Mismatched father-daughter appearances aside, the conversations that make up the back half “Elora’s Dad” are achingly, breathtakingly real. They’re real because they’re profound, yet mundane. Both Rick and Elora are aware that something big is happening here. The parent-child bond is dramatically acute stuff – almost supernaturally so. Fatherhood and daughterhood invoke collective archetypes as much as they represent flesh and blood people. This is a concept that the show excels in exploring. After all, as Cheese’s grandmother Irene once mumbled in the backseat of a car while high: “Our societies are a lot stronger when there are elders and there are children.” And yet, here is Elora: without an elder and still strong all the same.

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As embodied by Hawke, Rick seems like a genuinely good guy. He got himself clean and worked on getting his partner clean. He is both a laid-back stoner and seemingly an attentive father to his three non-Elora children. He’s also refreshingly open about how much of a shitass he was for leaving Elora behind, saying “I don’t know if this a cop out but I didn’t want to take you away from all that. Your family. Your people. And I was a coward.” He performs about as perfectly as a long-absent father can do after an unexpected reunion. But ultimately, what does that bring Elora? Some nice conversation and a pizza Friday.

Both actors are pitch perfect in this episode because they’re able to juggle all the contradictory emotions at play. Hawke, in particular, was built for this kind of thing. Despite making an appearance in Disney+’s Marvel series Moon Knight, Ethan Hawke has a (probably well-earned) reputation for dismissing superheroes films and other similar blockbusters as light, inessential art. Whether he’s right in that assessment is up for debate. What’s not, however, is his assertion that day-to-day life can be as riveting as any Avengers battle. In a 2020 interview with Indiewire, Hawke recounts the conversation he had with Richard Linklater before working on Before Sunrise.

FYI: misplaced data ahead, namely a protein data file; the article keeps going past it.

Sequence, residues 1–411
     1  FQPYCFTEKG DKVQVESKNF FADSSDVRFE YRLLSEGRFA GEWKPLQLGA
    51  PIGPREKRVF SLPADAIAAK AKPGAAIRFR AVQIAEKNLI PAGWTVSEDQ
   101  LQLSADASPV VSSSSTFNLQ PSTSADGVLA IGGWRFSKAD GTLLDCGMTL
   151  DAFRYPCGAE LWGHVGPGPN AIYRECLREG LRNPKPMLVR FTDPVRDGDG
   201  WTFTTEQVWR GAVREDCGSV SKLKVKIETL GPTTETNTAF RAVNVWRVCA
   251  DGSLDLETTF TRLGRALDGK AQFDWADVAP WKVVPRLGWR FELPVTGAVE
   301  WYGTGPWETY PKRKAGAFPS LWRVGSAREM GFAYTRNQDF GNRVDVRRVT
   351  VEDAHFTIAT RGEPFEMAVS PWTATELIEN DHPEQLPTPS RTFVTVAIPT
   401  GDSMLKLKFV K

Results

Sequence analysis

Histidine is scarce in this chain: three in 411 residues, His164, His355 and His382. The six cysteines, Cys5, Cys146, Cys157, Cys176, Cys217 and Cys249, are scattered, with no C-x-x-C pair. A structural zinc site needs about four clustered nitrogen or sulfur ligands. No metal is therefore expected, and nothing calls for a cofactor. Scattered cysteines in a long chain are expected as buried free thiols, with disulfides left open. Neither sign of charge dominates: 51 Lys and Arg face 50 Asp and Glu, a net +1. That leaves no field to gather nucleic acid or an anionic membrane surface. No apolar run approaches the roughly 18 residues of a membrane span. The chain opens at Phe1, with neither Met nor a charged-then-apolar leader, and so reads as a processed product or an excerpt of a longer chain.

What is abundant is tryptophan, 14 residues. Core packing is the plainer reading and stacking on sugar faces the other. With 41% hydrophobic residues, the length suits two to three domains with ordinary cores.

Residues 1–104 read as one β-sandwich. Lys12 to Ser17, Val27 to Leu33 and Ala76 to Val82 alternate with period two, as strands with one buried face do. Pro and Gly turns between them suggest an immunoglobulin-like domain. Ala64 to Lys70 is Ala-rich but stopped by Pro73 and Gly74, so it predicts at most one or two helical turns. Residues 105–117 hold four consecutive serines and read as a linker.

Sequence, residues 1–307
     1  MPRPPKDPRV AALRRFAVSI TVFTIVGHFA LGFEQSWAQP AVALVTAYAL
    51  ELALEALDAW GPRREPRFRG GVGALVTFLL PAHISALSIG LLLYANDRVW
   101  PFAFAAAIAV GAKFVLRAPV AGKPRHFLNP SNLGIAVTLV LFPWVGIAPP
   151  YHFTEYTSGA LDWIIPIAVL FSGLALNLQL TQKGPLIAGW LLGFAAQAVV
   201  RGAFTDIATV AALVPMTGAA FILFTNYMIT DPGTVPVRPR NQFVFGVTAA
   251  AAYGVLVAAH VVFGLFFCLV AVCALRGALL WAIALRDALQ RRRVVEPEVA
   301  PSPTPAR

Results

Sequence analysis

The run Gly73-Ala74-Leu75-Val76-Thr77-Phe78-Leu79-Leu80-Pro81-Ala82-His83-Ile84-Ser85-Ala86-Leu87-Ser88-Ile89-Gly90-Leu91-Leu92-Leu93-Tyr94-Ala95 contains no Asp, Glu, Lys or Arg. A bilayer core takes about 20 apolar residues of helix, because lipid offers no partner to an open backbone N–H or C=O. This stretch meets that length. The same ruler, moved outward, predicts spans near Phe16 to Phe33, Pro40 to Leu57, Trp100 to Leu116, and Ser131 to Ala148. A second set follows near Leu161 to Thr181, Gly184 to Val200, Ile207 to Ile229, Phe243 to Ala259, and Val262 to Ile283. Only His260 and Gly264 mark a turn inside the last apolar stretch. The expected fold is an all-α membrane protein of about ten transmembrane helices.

“[Linklater said] My whole life I’ve gone to the movies and there’s espionage and shootouts and helicopters, all this action. Everything that I see is all this drama, [so much so] that you would think my life, our lives, have no drama. That’s not the way I feel. My life feels very exciting to me and I’ve never been involved in a chase or a gun shootout. My life is exciting to me. And what’s the most exciting thing that’s ever happened to me? Connecting with another human being…If we can put that on screen I think people will care.”

Sometimes our lives are almost incomprehensibly dramatic. The mere concept of having to “meet” one’s own father is so jarring and surreal that it feels like no one would ever be adult enough to tackle it. But people do it all the time. They have to – whether it’s for a sense of closure or a signature on a piece of paper like Elora.

“Elora’s Dad” lets that drama speak for itself. Elora and Rick have a chat, because what else are they supposed to do? Elora doesn’t get 18 years of pain washed away but she does get a photo of her mom and some new siblings. And when it’s all over, she climbs into the front seat of her shitty car and wordlessly puts on her seatbelt – like anyone would after a completing a menial task or experiencing a moment of unimaginable emotional import. We have such limited capacity to deal with the latter that the two concepts might as well be the same.

The series finale of Reservation Dogs premieres Wednesday, Sept. 27 on Hulu.